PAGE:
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Ask the Expert - What is Preeclampsia and How Can I Avoid It?


What is Preeclampsia and How Can I Avoid It?

Pregnancy can be one of the most amazing and joyful time in a woman’s life, but it can also be very confusing. Your body is going through a lot of changes and sometimes it is hard to tell what changes are normal and what changes may cause concern. While most change will just be the typical things that happen when your body is working to support the pregnancy, high blood pressure, referred to as preeclampsia, is an issue that should not be ignored.

Learning more about the signs and symptoms of high blood pressure during pregnancy can help you identify a problem early before it becomes dangerous for you and your unborn baby. To raise awareness of preeclampsia as a life-threatening complication of pregnancy, the Preeclampsia Foundation has joined forces with maternal health organizations worldwide to host the first-ever World Preeclampsia Day on May 22.

The word “preeclampsia” comes from the Greek word for lightning, eclampsia, which was first used by Hippocrates in the 5th century BC. Eclampsia is the most extreme condition of high blood pressure in pregnancy that results in seizures. "Pre-eclampsia is the term used to describe high blood pressure in pregnancy which always happens before a seizure occurs. Hippocrates noted that high blood pressure and seizures in pregnancy could come suddenly to a pregnant woman without warning, much like a lightning strike.

Preeclampsia, one of the top three causes of pregnancy-related death worldwide, is a serious disorder that occurs after 20 weeks of pregnancy and is characterized by high blood pressure and urine protein. This disorder can be particularly dangerous because many signs and symptoms are silent while others may simply resemble "normal" effects of pregnancy on your body. Many women suffering from preeclampsia do not feel sick and it may be frustrating to be asked to complete certain tests, end up on bed rest or even be admitted to the hospital.

When symptoms do develop in preeclampsia, they can include headaches, blurred vision, shortness of breath, or nausea or vomiting. In very rare cases, the most dangerous symptom of preeclampsia is when a woman develops seizures, or eclampsia. If preeclampsia is left untreated, severe blood disease can develop which can lead to uncontrolled bleeding, impaired liver function, kidney dysfunction, fluid in the lungs and shortness of breath, visual disturbance, and in rare cases death to mother or unborn child.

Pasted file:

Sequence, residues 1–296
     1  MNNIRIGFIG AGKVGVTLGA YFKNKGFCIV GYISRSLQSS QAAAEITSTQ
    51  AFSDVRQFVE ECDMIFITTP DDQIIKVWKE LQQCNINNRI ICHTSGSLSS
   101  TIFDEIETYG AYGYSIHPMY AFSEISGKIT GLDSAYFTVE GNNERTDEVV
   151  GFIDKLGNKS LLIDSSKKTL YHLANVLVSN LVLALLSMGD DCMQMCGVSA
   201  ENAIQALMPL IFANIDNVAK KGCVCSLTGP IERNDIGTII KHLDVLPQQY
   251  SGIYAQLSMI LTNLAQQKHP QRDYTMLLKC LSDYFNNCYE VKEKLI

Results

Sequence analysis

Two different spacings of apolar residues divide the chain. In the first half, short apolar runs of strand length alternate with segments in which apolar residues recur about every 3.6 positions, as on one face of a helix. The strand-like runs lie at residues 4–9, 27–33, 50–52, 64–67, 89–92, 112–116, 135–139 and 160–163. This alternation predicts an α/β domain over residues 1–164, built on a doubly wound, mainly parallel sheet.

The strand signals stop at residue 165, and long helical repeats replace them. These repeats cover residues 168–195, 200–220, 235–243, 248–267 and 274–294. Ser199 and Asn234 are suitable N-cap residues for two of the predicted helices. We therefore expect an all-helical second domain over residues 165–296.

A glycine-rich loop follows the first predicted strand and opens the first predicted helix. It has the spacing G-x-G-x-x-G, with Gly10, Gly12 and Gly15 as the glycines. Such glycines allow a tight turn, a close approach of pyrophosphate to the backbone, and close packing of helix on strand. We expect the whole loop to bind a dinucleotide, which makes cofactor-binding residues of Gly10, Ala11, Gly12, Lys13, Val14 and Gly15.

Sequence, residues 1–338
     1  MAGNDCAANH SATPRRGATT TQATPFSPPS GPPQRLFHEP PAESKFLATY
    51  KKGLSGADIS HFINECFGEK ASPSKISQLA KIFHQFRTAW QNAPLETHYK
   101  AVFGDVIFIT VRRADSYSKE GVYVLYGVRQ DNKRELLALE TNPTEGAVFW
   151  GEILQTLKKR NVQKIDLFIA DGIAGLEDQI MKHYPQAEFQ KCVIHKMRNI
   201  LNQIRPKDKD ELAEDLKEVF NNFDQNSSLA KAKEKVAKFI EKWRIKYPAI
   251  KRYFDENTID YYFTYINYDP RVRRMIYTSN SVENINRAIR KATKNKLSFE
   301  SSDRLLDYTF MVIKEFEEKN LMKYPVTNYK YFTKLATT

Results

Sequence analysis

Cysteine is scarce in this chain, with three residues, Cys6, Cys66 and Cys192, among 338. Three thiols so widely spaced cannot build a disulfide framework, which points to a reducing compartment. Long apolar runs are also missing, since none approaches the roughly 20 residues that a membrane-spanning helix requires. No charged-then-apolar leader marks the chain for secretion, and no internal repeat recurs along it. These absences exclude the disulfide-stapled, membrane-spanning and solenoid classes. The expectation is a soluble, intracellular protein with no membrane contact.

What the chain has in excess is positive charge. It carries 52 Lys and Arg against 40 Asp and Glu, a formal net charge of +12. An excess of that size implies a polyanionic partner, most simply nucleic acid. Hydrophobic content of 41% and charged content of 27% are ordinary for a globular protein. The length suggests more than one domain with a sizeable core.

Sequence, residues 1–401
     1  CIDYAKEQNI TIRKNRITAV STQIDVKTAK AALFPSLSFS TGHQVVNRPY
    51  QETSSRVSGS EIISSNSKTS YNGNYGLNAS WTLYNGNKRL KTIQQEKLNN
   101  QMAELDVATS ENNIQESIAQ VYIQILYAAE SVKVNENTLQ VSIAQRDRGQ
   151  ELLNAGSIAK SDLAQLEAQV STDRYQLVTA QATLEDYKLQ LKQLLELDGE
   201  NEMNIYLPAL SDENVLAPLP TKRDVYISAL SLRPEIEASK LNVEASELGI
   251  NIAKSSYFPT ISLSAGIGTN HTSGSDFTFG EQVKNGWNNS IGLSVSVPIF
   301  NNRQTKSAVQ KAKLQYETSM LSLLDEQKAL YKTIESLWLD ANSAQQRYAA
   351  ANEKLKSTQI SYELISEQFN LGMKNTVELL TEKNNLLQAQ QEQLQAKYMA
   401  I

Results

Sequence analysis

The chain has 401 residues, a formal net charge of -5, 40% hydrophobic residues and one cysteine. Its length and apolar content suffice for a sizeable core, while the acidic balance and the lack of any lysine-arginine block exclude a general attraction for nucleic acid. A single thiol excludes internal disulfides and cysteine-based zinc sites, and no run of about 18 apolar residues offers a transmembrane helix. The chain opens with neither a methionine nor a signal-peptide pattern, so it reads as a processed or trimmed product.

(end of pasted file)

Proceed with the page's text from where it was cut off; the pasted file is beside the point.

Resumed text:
The cause of preeclampsia is unknown and has been called "the disease of theories." These theories include changes in biology of the placenta, inflammation, or abnormal hormones or proteins within the mother’s circulation. There are certain risks factors that can increase your chances of developing preeclampsia including obesity, extreme age during pregnancy (either very young or very old), diabetes, cardiovascular disease and autoimmune disorders.

Your doctor or midwife will screen you for preeclampsia every time you visit the office by taking your blood pressure and checking the amount of protein in your urine sample. While there is no test to predict if a woman will develop preeclampsia during her pregnancy, there are some recommendations for prevention that expectant mothers should consider, like not smoking, taking a baby aspirin daily, taking calcium supplements and controlling high blood pressure if you have chronic hypertension. Unlike regular high blood pressure, changing your diet or limiting your salt intake does not prevent or treat preeclampsia. Be sure to talk with your doctor about these recommendations before taking any medications.

The only cure for preeclampsia is the delivery of the baby and placenta. Sometimes women are given antihypertensive medications at the time they deliver and even after delivery to control high blood pressure. Magnesium sulfate is also given during delivery to prevent seizures and protect your baby’s brain before delivery. If you develop preeclampsia during your pregnancy talk to your doctor after you fully recover about monitoring your blood pressure and your heart. Women who develop preeclampsia do have an increased risk for cardiovascular disease later in life.

Women should take the following actions to monitor their pregnancies for preeclampsia and reduce risk:

  • Talk to your doctor or midwife before or early in pregnancy about your risks for preeclampsia
  • Attend all your prenatal visits
  • Know your family history
  • Take your medications to control your blood pressure if you have chronic hypertension or diabetes
  • Eat healthy, exercise and maintain healthy weight before becoming pregnant

Dr. G. Ward Adcock, III, is a graduate of the East Carolina University School of Medicine and completed his residency with the Greenville Hospital System in Greenville, South Carolina. He is board certified in Obstetrics and Gynecology and is a fellow of the American College of Obstetricians and Gynecologists. He practices at Gaston Womens Healthcare in Gastonia and Mount Holly.

Categories: Physician's Blog